Oppositional defiant disorder, commonly referred to as ODD, is a mental condition that affects some children. While parents expect toddlers and younger children to act out at certain types, this disorder makes them behave in more unique and unexpected ways. These kids may develop other conditions later in life, including attention deficit disorder, attention deficit hyperactivity disorder, anxiety and even depression. Parents should look at some of the common symptoms and see if their own children show those symptoms before making an appointment with a health care professional.
Temper tantrums are one of the more common symptoms of ODD. Children often throw tantrums when things do not go the way they want and when they do not get things they want. They can scream, cry, lay down on the ground and even hit others. Children with ODD tend to throw more temper tantrums than other children their age. ODD suffers are also argumentative and will often fight with adults and those in a position of authority, they can act out in angry and violent ways and may use foul language. Some children do not listen to the rules put in place by parents, teachers and other authoritative figures.
Though there is no one set cause of ODD, there are some possible causes. The disorder may occur because the child suffers a brain injury that causes an imbalance in the chemicals in the brain. This can change the way they react and respond to different situations. Another possible cause is genetics. Parents who experienced the symptoms of ODD as a child are more likely to have children with the same disorder. If they have one child with ODD, the odds are good that other children will suffer from ODD. Issues with the child’s environment like parents addicted to drugs and physical abuse can also cause ODD.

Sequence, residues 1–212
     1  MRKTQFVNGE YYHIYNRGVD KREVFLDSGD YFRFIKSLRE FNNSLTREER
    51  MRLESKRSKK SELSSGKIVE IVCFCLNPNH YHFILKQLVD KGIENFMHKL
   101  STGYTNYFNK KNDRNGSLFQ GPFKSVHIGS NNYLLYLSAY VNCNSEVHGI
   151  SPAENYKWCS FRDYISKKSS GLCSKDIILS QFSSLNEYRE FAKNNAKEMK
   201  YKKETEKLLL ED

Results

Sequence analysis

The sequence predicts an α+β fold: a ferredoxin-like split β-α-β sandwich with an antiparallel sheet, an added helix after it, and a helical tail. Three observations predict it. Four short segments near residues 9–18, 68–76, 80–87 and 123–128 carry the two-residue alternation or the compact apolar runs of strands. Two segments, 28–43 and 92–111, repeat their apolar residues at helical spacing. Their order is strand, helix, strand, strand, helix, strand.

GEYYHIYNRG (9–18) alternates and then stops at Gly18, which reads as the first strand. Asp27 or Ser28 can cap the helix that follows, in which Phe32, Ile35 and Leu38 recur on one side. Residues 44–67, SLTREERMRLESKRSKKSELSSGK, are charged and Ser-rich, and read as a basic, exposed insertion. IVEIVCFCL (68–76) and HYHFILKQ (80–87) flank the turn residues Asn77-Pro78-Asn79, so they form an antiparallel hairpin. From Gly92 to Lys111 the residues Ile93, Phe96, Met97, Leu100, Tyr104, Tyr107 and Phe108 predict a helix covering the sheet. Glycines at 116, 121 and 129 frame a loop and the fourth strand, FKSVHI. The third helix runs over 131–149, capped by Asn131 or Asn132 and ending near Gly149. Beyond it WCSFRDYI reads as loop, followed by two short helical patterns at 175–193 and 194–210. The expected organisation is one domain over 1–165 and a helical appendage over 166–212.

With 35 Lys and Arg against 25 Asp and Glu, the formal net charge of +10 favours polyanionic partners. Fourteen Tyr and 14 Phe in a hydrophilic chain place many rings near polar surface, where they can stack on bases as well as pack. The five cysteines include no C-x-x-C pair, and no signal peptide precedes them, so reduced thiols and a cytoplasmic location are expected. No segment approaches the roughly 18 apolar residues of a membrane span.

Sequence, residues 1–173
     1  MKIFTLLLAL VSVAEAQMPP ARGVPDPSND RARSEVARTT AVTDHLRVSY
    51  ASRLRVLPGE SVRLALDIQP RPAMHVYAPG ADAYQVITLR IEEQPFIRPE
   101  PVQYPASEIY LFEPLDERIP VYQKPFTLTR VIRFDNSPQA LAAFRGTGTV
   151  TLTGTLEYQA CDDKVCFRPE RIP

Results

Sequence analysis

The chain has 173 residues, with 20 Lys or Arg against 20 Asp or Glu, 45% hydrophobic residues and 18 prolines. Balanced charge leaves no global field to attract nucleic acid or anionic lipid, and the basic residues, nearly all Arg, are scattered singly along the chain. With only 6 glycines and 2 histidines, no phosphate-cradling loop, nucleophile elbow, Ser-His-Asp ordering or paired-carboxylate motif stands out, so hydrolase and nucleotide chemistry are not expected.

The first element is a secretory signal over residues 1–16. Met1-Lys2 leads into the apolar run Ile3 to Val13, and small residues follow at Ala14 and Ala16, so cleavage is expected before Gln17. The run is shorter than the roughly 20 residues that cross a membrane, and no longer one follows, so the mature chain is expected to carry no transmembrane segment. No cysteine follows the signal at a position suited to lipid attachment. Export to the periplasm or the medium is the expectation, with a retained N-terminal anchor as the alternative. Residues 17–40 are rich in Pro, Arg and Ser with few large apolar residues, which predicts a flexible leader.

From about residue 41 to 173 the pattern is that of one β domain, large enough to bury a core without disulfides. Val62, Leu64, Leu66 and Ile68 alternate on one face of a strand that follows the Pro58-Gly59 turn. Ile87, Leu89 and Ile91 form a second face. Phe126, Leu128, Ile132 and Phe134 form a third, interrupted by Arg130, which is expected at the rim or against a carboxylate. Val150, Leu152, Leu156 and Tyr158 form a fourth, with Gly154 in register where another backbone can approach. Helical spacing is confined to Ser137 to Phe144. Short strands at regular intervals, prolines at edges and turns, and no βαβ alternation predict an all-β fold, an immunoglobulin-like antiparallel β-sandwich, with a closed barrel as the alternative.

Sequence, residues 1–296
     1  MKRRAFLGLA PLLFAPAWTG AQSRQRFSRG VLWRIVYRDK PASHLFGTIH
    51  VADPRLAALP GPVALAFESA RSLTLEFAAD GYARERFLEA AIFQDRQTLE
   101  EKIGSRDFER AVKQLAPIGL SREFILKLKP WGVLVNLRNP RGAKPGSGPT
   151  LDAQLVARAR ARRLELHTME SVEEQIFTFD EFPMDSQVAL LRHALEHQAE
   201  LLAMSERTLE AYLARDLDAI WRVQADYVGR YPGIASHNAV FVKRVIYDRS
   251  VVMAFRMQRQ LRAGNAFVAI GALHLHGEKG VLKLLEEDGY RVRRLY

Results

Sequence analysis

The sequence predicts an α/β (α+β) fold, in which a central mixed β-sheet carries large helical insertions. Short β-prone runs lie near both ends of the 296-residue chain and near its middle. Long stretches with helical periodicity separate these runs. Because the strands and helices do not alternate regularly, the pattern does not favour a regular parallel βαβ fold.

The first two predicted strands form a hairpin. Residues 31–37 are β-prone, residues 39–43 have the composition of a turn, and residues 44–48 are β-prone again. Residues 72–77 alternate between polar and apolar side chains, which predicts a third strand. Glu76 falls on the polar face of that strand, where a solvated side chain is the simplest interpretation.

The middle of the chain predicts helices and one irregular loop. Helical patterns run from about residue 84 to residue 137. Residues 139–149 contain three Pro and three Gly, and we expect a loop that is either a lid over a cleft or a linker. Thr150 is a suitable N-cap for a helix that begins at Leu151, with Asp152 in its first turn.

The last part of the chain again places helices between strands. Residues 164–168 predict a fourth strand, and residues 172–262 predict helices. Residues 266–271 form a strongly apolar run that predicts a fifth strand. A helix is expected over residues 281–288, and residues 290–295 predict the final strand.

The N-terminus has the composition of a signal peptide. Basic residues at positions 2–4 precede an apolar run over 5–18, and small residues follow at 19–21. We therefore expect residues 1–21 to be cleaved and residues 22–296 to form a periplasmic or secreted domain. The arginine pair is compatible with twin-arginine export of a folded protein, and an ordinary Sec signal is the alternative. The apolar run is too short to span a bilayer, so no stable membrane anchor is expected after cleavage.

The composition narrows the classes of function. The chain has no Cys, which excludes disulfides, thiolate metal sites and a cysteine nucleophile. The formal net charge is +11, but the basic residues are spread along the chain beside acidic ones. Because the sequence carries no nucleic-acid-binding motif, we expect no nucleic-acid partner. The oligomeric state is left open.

Therapy is generally the best medical treatment for children diagnosed with oppositional defiant disorder. According to the Mayo Clinic, these treatments can include interaction therapy, individual therapy and family therapy. Parent and child interaction therapy, also called PCIT, focuses on strengthening the bond between the parent and child and helping the child learn how to listen to his or her parent(s). Individual therapy allows the child to work with a caring professional, and family therapy can bring in other members of the family like siblings.
In addition to medical treatments, there are some home remedies that parents can try. They can create a schedule that includes chores, schoolwork and other things that the child must do every day and work with the child to understand that he or she must check each item off that list every day. Parents can also encourage their children’s good behaviors with praise and even small treats. Kids with ODD will eventually learn that they get rewards for doing those things instead of getting punished. Children diagnosed with ODD do well with structure and set boundaries.
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Parents often have a hard time spotting some of the signs of ODD in their children because they assume all kids act out at times. This mental disorder causes kids to react differently than their peers in the same situations. Health care professionals can diagnose oppositional defiant disorder in kids and explain some of the common treatment options to their parents.